The Astronomical League, one of amateur astronomy's best institutional resources, has awarded more than 10,000 observing certificates since 1967.
Amateur astronomers love to observe. Sometimes, though, they're not quite sure what to look at in the sky, or they might need a gentle nudge to get them outside under the stars. The Astronomical League's Observing Programs were meant to help with that — giving stargazers direction and encouragement. Most programs consist of a list of specific targets to examine, while a few also require a series of activities to complete. Observers who have their notes and sketches verified by their local astronomy club or the League are recognized with a specially-designed pin and a certificate of accomplishment.
This month marks the 50th anniversary of the League's first observing program certificate. On January 13, 1967, Catherine Delaney, a member of the Amateur Astronomers Association of Pittsburgh (AAAP), was awarded Messier Observing certificate number 001. She was immediately followed by several observers from Texas and one from Florida, and the progression hasn’t stopped nor slowed since. (The League’s second observing program, the Herschel 400, also had its first certificate issued to an AAAP member, Tom Reiland in 1981.)
Fast forward 50 years. In that interval, nearly 3,000 Messier certificates have been earned by League members. Furthermore, 50 more observing programs have been launched, resulting in participants being presented with well over 10,000 total certificates. The current suite of programs represents nearly all facets of observing for enthusiasts at nearly all expertise levels. The observing topics and celestial features include meteors, Earth satellites, lunar, solar, planetary, double stars, variable stars, planetary nebulae, open clusters, globular clusters, and many different aspects of galaxies. Most programs require a telescope of a suitable aperture, but a few specify only binoculars. One even requires various forms of radio telescopes.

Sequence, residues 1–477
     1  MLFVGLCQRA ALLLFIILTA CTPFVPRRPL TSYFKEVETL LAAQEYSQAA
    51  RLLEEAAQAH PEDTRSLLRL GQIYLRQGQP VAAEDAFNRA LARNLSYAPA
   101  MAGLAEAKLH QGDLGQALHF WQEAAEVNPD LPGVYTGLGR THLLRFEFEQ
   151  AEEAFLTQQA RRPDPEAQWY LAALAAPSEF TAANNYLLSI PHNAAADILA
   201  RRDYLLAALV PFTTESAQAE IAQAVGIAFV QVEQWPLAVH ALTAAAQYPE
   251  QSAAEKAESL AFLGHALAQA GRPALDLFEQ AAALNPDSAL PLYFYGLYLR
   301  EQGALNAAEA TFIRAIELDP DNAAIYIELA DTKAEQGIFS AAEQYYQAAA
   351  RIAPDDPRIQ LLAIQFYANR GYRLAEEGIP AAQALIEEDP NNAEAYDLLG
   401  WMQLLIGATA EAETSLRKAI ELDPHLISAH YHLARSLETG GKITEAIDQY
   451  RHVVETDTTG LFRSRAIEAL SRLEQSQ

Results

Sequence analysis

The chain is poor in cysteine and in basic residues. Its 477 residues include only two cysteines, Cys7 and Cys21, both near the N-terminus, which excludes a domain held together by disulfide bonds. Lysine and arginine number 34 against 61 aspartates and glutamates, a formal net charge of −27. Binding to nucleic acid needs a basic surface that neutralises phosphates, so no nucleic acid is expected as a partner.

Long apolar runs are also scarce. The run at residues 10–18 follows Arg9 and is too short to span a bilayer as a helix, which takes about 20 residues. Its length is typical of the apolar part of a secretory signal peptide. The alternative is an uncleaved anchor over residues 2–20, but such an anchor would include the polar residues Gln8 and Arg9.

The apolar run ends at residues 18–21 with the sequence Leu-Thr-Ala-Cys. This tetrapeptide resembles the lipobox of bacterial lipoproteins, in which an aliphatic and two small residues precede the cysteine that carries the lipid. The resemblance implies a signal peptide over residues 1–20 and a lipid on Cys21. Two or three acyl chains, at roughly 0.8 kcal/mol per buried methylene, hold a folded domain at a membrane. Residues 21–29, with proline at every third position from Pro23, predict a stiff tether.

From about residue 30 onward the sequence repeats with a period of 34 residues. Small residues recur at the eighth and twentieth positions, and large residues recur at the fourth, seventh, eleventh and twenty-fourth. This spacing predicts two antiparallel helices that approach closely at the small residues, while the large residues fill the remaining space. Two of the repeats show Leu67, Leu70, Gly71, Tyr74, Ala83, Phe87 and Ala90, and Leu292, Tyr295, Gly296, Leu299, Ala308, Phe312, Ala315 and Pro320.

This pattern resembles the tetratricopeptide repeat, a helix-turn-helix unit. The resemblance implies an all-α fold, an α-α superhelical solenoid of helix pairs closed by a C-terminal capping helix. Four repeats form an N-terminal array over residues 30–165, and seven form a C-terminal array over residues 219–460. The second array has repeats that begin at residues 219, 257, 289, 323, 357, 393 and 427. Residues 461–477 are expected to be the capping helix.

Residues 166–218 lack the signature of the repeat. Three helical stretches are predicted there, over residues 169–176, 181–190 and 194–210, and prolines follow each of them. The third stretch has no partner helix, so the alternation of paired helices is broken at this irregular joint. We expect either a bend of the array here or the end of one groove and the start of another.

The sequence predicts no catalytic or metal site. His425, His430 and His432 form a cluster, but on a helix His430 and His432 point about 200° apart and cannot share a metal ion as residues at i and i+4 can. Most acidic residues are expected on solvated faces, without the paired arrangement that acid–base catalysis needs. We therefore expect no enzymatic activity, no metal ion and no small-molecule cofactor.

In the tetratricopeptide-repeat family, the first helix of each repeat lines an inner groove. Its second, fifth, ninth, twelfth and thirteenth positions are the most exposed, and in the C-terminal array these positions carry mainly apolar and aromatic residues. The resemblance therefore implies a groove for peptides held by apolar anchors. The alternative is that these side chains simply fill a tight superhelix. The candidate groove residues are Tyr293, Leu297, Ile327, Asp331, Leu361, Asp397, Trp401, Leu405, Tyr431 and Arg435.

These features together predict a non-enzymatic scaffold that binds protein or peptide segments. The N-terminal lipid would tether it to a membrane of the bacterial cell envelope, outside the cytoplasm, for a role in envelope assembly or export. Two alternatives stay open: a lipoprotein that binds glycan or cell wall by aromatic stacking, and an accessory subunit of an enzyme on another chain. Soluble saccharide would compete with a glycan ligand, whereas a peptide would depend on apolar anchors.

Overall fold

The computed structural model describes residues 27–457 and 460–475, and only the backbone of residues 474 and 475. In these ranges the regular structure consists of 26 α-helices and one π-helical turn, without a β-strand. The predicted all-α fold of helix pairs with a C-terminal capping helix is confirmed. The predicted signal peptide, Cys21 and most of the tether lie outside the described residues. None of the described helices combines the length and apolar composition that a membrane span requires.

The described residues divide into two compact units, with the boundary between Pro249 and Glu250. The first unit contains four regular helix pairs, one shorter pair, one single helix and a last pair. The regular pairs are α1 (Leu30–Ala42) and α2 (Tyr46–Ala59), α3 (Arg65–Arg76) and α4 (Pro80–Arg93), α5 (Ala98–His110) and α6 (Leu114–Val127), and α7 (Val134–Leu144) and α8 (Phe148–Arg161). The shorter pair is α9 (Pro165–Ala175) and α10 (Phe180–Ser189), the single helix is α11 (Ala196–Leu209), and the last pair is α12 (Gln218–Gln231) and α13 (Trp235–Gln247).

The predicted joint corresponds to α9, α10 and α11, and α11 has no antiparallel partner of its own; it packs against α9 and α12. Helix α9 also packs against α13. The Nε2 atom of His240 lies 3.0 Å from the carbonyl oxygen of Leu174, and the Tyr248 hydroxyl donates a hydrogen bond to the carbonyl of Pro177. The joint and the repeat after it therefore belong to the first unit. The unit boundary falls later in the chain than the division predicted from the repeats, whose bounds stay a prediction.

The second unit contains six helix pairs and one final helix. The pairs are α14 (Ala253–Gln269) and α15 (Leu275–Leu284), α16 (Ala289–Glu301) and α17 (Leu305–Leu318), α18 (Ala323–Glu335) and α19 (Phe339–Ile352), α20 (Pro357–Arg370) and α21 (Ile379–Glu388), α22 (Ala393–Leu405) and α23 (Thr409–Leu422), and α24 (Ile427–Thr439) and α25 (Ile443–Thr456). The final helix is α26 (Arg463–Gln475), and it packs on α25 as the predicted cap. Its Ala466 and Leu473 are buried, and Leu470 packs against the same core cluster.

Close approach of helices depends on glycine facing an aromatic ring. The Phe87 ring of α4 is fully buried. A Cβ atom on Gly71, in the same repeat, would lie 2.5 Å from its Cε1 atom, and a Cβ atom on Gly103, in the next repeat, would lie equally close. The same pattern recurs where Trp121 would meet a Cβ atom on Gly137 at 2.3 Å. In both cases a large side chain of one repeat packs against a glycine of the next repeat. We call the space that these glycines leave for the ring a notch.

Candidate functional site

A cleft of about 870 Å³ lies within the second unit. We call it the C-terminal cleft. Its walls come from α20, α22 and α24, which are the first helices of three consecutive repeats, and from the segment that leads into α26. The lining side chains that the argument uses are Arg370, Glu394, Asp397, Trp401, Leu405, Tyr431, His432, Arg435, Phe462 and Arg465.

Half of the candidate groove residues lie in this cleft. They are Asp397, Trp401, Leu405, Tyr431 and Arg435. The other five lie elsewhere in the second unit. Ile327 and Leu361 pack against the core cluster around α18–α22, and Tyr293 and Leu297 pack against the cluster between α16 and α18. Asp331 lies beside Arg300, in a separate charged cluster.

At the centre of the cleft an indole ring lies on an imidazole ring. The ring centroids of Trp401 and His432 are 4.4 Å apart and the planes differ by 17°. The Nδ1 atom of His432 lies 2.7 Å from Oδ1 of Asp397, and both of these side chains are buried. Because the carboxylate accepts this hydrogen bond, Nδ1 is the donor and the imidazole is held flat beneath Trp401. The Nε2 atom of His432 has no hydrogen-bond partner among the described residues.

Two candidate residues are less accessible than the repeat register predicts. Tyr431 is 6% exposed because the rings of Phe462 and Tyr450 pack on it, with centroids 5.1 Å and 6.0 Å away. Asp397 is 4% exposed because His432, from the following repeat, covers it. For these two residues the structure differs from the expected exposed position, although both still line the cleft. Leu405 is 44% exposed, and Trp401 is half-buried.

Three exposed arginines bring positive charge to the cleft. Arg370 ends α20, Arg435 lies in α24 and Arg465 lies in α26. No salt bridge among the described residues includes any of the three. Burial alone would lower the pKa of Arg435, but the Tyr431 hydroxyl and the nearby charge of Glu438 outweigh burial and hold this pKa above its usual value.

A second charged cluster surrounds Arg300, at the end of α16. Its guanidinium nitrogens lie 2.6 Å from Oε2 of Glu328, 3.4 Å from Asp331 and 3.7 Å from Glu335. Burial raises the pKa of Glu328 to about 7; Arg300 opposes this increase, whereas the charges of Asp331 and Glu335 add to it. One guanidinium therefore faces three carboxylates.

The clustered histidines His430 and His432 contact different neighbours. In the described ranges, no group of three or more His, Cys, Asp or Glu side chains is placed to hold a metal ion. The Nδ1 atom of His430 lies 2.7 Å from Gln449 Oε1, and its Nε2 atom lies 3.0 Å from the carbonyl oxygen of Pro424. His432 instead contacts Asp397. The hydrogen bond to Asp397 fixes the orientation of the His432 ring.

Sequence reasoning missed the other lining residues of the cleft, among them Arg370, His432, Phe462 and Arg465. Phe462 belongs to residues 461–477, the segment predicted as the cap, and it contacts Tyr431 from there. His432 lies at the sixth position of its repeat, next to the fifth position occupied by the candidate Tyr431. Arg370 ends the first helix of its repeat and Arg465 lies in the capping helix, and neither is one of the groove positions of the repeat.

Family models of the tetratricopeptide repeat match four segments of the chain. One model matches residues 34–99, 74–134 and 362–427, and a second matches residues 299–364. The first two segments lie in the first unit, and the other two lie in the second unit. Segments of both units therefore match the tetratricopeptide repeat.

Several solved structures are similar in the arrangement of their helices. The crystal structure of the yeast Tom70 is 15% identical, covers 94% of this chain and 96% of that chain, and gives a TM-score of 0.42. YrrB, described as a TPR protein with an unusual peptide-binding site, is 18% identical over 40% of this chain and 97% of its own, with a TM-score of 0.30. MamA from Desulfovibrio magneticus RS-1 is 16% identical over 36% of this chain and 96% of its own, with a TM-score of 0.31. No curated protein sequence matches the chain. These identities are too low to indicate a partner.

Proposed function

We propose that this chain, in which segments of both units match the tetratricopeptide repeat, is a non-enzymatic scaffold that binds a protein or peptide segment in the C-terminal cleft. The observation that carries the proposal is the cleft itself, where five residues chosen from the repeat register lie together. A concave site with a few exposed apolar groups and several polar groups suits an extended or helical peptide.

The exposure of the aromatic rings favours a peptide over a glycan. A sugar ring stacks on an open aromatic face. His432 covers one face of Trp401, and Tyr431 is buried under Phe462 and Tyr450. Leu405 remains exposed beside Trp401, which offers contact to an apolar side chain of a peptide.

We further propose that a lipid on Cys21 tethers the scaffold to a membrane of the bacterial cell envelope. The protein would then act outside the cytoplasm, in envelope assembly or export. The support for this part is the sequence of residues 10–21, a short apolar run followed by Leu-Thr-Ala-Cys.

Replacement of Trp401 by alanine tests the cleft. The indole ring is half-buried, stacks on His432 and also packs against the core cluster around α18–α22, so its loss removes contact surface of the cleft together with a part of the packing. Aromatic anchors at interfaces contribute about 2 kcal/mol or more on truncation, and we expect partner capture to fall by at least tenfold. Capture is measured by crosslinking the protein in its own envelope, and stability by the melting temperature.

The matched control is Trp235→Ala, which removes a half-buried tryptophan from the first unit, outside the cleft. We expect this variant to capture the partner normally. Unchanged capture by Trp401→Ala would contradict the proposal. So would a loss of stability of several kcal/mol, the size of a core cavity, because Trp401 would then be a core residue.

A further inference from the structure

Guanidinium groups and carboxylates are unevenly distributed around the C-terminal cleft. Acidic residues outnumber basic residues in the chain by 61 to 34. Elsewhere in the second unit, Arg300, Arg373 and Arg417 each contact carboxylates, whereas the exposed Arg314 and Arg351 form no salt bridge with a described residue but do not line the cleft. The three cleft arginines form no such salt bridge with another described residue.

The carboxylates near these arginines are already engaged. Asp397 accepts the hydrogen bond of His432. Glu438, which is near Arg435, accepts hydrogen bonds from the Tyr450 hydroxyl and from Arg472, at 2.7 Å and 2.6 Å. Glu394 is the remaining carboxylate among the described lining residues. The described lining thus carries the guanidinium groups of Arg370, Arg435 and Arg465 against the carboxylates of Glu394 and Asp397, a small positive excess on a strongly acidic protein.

Not all programs deal with the activity of observing, per se. Perhaps the most important program for the continuance of our amazing avocation is the Dark Sky Advocate, requiring participants not only to recognize the scourge of light pollution, but to act in a way that positively affects their communities. The Astronomical League also realizes that it's vital to introduce people to amateur astronomy. In that light, the Outreach award, one of the League’s most popular programs, recognizes members on their extensive efforts to connect with the public.
This year, two new programs will be offered. The Total Solar Eclipse Program asks astroimagers to emulate Sir Arthur Eddington’s 1919 activities that confirmed Einstein’s newly presented Theory of General Relativity. It will undoubtedly be a challenge, but if all goes well, participants will be able to directly document the effects of our Sun’s immense gravitational field as it bends distant starlight. The other program, which will actually consist of two or three inter-related programs, will be about imaging a wide range of celestial features.
The Astronomical League will recognize the Amateur Astronomers Association of Pittsburgh for their role in this observing milestone during their January 13, 2017, meeting — 50 years to the day when their president, R.C. Dickensen, presented the first award to Catherine Delaney.
The Astronomical League is proud to administer this unique suite of nationally recognized Observing Programs. It's unlike any other in the universe!